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Warrant

Gives the holder the right to purchase a company's stock at a specific price and at a specific date

What is a Warrant?

A warrant gives the holder the right to purchase a company’s stock at a specific price and a specific date. In other words, a warrant is a long-term option to buy a given stock at a fixed price. Such a type of warrant is called a call warrant, which gives the right to buy the security. A put warrant gives an investor the right to sell the security.

 

Warrant

 

A stock warrant is issued directly by the company involved. It means that when an investor exercises a stock warrant, the shares that fulfill the obligation are not received from another investor but directly from the company.

 

Stock Warrant vs. Stock Option

A stock warrant should not be confused with a stock option, as a stock warrant is directly issued by the company to the investor, while a stock option is a contract between two people. Similarly, a call option gives the investor the right to buy a stock at a specified time and price, while a put option gives the right to sell at a specified time and price.

 

Call Warrant Example

Company ABC is trading at $1.00 per share and decides to raise $1 million in capital. The company would then finance at a price below the market rate of $1.00 per share to say $0.90 per share. As part of the financing, those who participate will receive a warrant as well; let’s price it at $1.20.

If ABC’s stock trades above $1.20 a year later, say at $1.30, the holder of the warrant reserves the right to purchase shares at $1.20. While they would need to lay out $1.20 per share to buy, they are automatically making $0.10 profit per share, when they sell.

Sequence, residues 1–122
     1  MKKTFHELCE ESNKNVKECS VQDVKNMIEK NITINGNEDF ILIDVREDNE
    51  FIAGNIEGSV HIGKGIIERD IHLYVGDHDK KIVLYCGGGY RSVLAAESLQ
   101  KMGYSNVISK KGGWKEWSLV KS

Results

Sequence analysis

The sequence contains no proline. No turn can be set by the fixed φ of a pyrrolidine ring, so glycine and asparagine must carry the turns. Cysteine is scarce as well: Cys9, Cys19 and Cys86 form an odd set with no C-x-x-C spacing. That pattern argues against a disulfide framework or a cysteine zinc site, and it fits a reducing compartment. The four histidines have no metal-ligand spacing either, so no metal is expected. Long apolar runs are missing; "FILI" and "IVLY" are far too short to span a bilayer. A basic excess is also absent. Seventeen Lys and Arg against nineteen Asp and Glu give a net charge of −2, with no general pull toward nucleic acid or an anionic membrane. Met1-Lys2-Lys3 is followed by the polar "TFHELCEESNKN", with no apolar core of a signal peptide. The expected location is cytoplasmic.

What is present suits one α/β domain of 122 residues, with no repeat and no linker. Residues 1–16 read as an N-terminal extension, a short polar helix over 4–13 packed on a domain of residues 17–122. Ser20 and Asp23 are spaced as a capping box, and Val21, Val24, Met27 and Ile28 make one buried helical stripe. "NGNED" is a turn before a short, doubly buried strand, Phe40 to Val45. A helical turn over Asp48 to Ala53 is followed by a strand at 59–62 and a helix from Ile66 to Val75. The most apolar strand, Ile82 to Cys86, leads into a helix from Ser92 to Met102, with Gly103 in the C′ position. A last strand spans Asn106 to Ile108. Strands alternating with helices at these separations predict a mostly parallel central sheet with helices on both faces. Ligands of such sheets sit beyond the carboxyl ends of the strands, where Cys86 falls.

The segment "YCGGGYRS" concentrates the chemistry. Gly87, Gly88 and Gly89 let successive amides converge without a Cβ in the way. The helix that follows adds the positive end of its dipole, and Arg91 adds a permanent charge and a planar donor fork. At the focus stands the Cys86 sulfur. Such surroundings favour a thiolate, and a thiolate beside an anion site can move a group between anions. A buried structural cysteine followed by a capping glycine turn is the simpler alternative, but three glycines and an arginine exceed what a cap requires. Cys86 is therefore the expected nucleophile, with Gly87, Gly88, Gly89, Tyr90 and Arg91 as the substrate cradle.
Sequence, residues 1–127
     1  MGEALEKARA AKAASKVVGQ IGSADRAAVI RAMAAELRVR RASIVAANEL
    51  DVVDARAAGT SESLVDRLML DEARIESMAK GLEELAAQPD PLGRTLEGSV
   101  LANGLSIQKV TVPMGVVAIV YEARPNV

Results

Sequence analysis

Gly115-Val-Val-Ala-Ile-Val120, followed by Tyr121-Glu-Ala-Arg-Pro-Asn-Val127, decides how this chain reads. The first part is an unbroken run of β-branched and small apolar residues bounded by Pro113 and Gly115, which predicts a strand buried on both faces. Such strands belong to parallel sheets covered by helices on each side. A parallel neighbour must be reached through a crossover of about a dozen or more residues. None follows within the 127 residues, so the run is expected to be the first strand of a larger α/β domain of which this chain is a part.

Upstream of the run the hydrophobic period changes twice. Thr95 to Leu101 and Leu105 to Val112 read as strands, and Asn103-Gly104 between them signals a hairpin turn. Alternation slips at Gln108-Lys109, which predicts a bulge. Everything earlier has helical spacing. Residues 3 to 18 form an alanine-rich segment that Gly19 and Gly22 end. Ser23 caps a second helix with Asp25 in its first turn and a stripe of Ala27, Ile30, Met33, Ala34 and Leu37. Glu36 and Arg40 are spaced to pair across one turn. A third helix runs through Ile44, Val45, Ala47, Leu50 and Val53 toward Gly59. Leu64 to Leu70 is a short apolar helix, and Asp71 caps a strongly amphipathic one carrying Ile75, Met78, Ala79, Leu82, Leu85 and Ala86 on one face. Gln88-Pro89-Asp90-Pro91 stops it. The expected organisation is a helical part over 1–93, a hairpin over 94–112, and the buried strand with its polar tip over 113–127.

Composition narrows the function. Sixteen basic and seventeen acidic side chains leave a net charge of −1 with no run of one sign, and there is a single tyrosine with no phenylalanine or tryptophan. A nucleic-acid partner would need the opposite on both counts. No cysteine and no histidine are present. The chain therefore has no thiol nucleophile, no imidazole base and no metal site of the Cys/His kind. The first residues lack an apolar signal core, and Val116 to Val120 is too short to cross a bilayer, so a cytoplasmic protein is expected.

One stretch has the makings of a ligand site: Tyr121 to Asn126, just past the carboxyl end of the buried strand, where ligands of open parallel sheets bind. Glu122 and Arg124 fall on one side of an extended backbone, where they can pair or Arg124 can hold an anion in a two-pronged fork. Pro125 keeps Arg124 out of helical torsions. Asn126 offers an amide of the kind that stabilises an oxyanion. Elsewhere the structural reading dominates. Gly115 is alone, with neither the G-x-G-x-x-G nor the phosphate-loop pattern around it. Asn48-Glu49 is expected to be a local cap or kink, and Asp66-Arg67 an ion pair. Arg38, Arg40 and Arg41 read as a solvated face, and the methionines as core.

Stock warrants are designed to help raise capital, encourage investors to invest, and create long-term interest in the stock of companies. They are also appealing to those investors who believe that a company offers an attractive long-term potential.

The idea behind such a scenario is that if your research and due diligence show that a company will perform well in the future, and if it is offering stock warrants, you are buying the shares at a discount and receiving the option to buy the stock at a fixed price in the future. The main caveat of a stock warrant is that if the stock value falls below the warrant’s price at the time of the expiry, the financial instrument ends up worthless.

If we were to run a reverse scenario and think that a stock is overvalued and its value will decrease in the future, you would buy a put warrant and hope that the stock’s price will decrease within a certain time frame.

 

Stock Call Option Example

A call option provides the investor with the right to buy 100 shares of stock at a specific price or the strike price, up until a specified date or the expiration date. A put option gives the investor the right to sell 100 shares of stock at a specified price and date.

If your research shows that ABC’s stock offers a strong future outlook and is worth $100 per share, you could buy an option, which is 100 shares for $10,000. If ABC’s value goes up in price to $110 per share, you will make $1,000 in profit ($11,000 – $10,000).

In the case where you are very confident in ABC’s performance in the future, you could buy a $110 call option for, say $240. It would give you the right to buy 100 shares of ABC for $110 per share at any time within a specified time frame. If ABC stock price goes up to $150 per share, you make $3,760 profit ($15,000 – $11,000 – $240); however, you’ve only put forward $240 in investment rather than $10,000.

If ABC’s stock underperforms and its value drops to $90 per share, the individual who bought the shares would realize a loss of $2,000 ($11,000 – $9,000). However, the individual who bought the option can’t lose more than what they paid for, and, in this case, it’s $240.

 

Key Takeaway

Warrants are great for seasoned investors with strong reasons to believe that the company will either perform strongly in the future or miss its projections. In the first case, an investor would buy a call warrant, and in the second one, the investor would buy a put warrant.

 

More Resources

CFI is the official provider of the global Capital Markets & Securities Analyst (CMSA)® certification program, designed to help anyone become a world-class financial analyst. To keep advancing your career, the additional CFI resources below will be useful:

  • Capital Raising Process
  • Options: Calls and Puts
  • Spot Price
  • Types of Due Diligence

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